UK: Planning Act Blog 172: Further Delays To Nationally Significant Infrastructure Projects

Last Updated: 6 October 2010
Article by Angus Walker

This is entry number 172, first published on 6 October 2010, of a blog on the implementation of the Planning Act 2008. Click here for a link to the whole blog. If you would like to be notified when the blog is updated, with links sent by email, click here.

Today's entry reports on delays to applications and the possible reasons for these.

It has been compulsory for applications for sixteen types of infrastructure project above a specified size in England, five in Wales and one in Scotland to be made to the Infrastructure Planning Commission since 1 March 2010. Nevertheless, seven months later only six projects have started their formal pre-application process, and only one application has successfully been made. Why?

The IPC publishes dates of when it expects to receive applications, based on information supplied by project promoters. These dates have been gradually slipping back. The latest casualty is a biomass plant in Hull, which was due to be made on 1 October, but there is no sign of it yet. Having said that, this apparent slippage may just be a feature of the way dates are shown: '1 October' could in reality just mean 'October'.

Even once an application has been made and accepted, there is one further opportunity for delay by the promoter. This is because the next step is for the promoter to publicise that the application has been accepted, which kicks off the objection period. There is no set timescale for this - if the promoter was in a hurry it could do this two or three days after the IPC had told it that the application had been accepted, but it could wait longer if it so chose. Indeed, the only accepted application was accepted on 26 August, but the promoter has yet to publicise this, nearly six weeks later.

Once that step happens, then the timing of the process is out of the promoter's control. After the objection period ends, the IPC should call a 'preliminary meeting' (planning inquiry regulars will know this as a 'pre-inquiry meeting', but since inquiries are discouraged, the Planning Act doesn't call it that). There is no fixed timescale for that either, but government guidance recommends that the meeting is held no later than six weeks after the end of the objection period.

Once the preliminary meeting has been held, then the application is on a fairly unstoppable conveyor belt. The examination of the application must take no more than six months from the date of the meeting, and if the relevant National Policy Statement (NPS) is in place, the IPC must decide the application within nine months of the meeting. If there is no NPS, then the IPC has nine months to make a recommendation to the government, who then have a further three months to make a decision.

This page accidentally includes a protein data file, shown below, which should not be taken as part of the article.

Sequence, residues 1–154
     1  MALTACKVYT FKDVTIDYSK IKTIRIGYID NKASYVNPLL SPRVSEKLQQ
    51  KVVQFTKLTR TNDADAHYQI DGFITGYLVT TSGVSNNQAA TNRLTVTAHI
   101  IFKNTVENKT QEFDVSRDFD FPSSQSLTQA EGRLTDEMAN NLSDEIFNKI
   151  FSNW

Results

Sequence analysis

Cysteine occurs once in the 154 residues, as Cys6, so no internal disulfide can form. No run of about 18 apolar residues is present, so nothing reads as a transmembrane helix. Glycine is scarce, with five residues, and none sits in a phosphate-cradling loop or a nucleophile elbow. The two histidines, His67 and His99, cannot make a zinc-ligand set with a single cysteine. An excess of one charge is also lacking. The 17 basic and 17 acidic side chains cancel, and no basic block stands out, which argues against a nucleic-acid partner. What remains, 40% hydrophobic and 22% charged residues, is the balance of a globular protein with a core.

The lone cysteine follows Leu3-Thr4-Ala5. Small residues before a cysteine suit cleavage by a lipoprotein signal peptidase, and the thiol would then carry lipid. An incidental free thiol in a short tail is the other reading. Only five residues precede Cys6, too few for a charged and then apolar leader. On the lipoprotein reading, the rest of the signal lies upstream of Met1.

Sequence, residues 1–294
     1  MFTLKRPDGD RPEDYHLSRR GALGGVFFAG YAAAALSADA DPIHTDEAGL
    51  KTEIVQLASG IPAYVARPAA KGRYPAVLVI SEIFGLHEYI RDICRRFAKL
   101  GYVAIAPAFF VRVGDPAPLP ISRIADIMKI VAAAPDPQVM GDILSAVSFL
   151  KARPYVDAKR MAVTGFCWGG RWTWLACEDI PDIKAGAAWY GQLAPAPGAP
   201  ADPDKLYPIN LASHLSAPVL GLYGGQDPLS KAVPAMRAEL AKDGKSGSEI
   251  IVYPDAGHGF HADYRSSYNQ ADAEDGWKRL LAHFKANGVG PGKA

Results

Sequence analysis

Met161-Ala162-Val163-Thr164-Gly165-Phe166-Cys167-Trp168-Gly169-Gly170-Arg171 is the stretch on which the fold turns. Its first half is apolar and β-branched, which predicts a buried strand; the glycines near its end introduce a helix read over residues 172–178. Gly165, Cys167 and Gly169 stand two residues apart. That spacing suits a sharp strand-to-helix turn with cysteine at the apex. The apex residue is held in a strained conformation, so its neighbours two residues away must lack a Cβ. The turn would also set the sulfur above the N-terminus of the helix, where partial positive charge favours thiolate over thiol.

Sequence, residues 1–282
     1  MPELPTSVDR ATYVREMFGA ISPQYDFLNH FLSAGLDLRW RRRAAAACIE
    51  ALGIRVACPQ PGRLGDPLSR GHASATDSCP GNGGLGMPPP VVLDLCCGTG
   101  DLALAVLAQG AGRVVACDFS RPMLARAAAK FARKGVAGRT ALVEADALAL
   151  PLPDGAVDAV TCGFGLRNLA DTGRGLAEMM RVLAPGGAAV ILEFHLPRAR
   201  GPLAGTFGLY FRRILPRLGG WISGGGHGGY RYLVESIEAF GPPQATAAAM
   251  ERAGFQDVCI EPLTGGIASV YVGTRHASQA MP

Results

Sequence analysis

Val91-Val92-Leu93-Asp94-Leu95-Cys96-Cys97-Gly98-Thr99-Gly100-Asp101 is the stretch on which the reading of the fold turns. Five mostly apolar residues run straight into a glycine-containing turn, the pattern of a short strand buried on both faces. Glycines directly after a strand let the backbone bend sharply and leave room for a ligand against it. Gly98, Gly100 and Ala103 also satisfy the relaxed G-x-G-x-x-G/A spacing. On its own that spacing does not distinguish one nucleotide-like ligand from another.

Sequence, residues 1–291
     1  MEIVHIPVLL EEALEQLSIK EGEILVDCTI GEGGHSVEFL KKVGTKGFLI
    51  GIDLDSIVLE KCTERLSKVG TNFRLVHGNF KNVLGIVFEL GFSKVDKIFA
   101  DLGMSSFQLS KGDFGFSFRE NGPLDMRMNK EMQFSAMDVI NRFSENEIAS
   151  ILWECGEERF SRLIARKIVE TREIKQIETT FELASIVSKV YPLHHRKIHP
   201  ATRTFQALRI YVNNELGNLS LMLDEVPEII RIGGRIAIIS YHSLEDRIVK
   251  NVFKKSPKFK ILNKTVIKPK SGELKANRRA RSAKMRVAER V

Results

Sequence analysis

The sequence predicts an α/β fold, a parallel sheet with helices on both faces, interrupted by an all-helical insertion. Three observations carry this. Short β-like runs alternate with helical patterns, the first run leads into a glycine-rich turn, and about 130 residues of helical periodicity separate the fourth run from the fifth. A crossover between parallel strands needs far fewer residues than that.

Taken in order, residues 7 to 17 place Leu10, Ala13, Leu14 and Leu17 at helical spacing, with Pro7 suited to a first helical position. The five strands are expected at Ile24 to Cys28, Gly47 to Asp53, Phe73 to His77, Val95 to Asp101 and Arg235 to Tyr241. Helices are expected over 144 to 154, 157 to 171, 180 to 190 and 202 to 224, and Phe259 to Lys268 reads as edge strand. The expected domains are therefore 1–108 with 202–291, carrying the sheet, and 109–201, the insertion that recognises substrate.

So why has every project so far slipped past its original date? One reason is that, as I have said before, every project slips, except perhaps those with an immovable deadline like the Olympic Games. 'Optimism bias' is now regularly added to cost estimates for projects, perhaps it should apply to timings too. Before the Planning Act and the IPC came along, application dates were seldom announced in advance, and so the slippage that occurred was private. Delays for this reason are therefore not down to the new regime.

A second reason is implicit in the above text: once the acceptance of the application has been publicised, the timing of the process is out of the promoter's control. Project promoters will want to be absolutely sure that they have all their ducks in a row before they relinquish control over the project timetable, and to continue the fairground analogy, get on the application examination rollercoaster. That reason is a new one caused by the fixed timescales in the Planning Act. Few would argue that they are a bad thing, as they are one of the key features of the Act designed to speed up the authorisation process.

A third reason is the new and onerous requirement for much work to be carried out before an application is made, and promoters are underestimating how much time this takes. Again, this is a deliberate feature of the new system - partly, it must be said, so that the clock only starts running once a lot of the work has been carried out, but partly because applications are likely to be better (cheaper, faster and more likely to succeed) if potential objections have been flushed out and addressed before they have been made.

A fourth reason is that in the energy field at least, several applications were made in the weeks before 1 March to avoid the uncertainty of the new regime, which has probably given rise to a gap in timing.

Finally, this is a new process and promoters and the IPC are finding their feet. Routine, familiarity and precedent are all likely to reduce the time taken for the pre-application process. Not only is the process onerous, but there are several strands to it and no clear preferred order of doing things has yet emerged. Once this particular wheel has been invented, projects should start to speed up. This should pay dividends in the long run, given that the same process applies to a diverse range of projects, which were previously subject to several different consent regimes.

Previous entry 171: IPC reaches memorandum of understanding with WAG

The content of this article is intended to provide a general guide to the subject matter. Specialist advice should be sought about your specific circumstances.

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